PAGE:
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DALLAS-Dallas and Houston promise to be the gainers nationwide this year in rent momentum as the national economy feeds the multifamily industry, predicts MPF Research Inc.

The nationwide market watcher, based in Dallas, says job growth and interest rates have catapulted the multifamily industry into strong performers from coast to coast. Greg Willett, MPF’s editorial director and 16-year analyst, says that 2000 has been a landlord’s gold mine as rents and demand go up – a trend being bolstered by construction cuts in many parts of the southwestern US.

Austin’s 98% occupancy makes it one of the strongest markets in the nation, Willett told GlobeSt.com. “There’s a lot under construction and a lot to be completed, but the delivery’s not been that much,” he says of year 2000. Construction’s up 11.3% over the prior year, but only 7,746 permits had been executed between November 1999 and October 2000. And while more will come to market this year, Willett says demand could fall short and cause a softening in rents in the state capital. Austin had experienced an 8% rent growth in 2000 while Dallas was slightly over 3% and Houston, slightly under 3%.

Dallas had 6,078 permits issued in 2000, a 56% drop from the previous year. Houston’s total had dipped 35% and San Antonio, 30%. The third quarter in Denver had been marked by developers pulling permits for 3,364 units out of concern that a no-growth constitutional amendment would be passed by November voters. In third quarter 1999, there had been applications for 2,235 units in Denver, according to a report by Hendricks & Partners.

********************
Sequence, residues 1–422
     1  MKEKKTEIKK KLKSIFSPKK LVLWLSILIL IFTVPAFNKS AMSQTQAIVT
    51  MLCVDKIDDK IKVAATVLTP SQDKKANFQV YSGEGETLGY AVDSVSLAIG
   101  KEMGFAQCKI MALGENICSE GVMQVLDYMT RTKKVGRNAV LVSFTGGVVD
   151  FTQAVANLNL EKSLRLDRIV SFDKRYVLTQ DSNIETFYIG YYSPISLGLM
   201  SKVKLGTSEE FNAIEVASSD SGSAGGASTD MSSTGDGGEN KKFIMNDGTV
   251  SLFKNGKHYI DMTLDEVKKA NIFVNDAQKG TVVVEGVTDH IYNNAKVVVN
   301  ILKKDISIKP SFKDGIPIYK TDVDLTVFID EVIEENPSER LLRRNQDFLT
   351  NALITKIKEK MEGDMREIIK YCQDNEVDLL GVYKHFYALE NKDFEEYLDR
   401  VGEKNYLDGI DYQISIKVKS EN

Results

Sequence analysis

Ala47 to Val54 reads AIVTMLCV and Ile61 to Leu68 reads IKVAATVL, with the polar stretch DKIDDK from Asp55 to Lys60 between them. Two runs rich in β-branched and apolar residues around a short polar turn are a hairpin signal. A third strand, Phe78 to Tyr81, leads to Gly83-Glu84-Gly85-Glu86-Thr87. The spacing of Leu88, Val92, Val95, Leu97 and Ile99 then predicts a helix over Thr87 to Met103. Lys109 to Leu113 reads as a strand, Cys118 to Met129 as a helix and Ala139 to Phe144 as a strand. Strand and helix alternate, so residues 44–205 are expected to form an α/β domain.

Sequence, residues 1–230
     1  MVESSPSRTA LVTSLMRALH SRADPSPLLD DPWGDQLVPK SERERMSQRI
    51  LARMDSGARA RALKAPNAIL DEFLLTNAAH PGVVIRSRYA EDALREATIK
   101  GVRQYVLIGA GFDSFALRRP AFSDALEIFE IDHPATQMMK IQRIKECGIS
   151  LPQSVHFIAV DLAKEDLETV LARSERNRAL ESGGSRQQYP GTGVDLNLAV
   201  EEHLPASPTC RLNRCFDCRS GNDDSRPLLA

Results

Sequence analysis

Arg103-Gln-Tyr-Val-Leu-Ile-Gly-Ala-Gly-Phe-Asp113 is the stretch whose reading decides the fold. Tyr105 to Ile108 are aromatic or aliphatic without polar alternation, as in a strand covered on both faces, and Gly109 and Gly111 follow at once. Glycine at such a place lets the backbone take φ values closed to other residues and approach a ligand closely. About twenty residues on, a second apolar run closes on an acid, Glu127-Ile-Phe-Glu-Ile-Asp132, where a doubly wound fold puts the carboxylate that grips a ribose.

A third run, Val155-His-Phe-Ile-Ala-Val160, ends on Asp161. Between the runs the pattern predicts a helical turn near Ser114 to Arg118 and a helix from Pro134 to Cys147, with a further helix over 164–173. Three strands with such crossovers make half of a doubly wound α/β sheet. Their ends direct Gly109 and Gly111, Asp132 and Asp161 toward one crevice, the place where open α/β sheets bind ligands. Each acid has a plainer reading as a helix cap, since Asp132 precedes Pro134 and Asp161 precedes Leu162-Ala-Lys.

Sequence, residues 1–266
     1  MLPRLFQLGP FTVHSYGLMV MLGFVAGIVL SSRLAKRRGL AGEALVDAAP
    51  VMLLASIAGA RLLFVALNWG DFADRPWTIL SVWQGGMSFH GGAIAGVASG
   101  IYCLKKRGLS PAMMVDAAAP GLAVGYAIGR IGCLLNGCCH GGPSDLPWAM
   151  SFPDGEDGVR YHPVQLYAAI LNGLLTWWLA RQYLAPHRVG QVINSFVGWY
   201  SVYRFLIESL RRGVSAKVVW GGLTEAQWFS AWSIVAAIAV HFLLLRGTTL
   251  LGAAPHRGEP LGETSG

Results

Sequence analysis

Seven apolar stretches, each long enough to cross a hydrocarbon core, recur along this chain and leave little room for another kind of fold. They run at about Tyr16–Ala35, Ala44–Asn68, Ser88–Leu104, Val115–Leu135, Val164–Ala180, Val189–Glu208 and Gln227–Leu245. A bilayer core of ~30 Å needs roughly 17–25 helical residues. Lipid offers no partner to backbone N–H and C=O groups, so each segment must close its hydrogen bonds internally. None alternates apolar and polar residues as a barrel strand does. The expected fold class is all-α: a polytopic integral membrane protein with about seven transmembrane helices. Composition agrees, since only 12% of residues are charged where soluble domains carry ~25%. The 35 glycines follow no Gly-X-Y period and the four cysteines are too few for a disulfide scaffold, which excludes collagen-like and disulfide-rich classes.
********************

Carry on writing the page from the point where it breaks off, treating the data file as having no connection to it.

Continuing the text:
Dallas and Houston had started 2000 with a lot in the pipeline amid concern that the metropolises would end up overbuilt. That didn’t play out, says Willett. “What we saw was that demand kept pace with the construction,” he told GlobeSt.com. And year 2000 cutbacks in construction will drive up rents in 2001 in both markets.

This year, the big question is the economy, he says, siding with others who have expressed uncertainty about the nation’s fiscal stability in the marketplace. “If the economy growth rate remains healthy, it points to considerable demand,” he projects. Occupancy across the south is riding at 95.9%. While parts of the Dallas-Ft. Worth metroplex are boasting 97% occupancies, it’s overall of 95.2% is the highest since 1979, according to MPF.

Houston has ended year 2000 with a 94% occupancy, down from 96.5% in 1999, William Forrest, president of Revac Inc., told GlobeSt.com. He sides with Willett in predicting that 2001 will “stay about the same.” The Houston market, says Forrest, had added 12,000 units in year 2000, about half of what came to market in the previous year. “That’s because they built too many,” he says of year-end 1999′s 24,000 units.

“For every six new jobs, one new apartment is needed.” says Forrest, “and that’s not what is being built.” This year, Houston is expected to see 60,000 to 80,000 new jobs come on line.

Denver’s overall occupancy is slightly above 97%. Nearly 1,000 more units had been absorbed – 3,879 – than in 1999. The region’s lowest vacancy and highest rents are in Boulder County, home of the University of Colorado’s main campus. The county had closed the year with a 1.5% vacancy in comparison to 3.8% a year ago, and an average monthly rental of $926, up $43.

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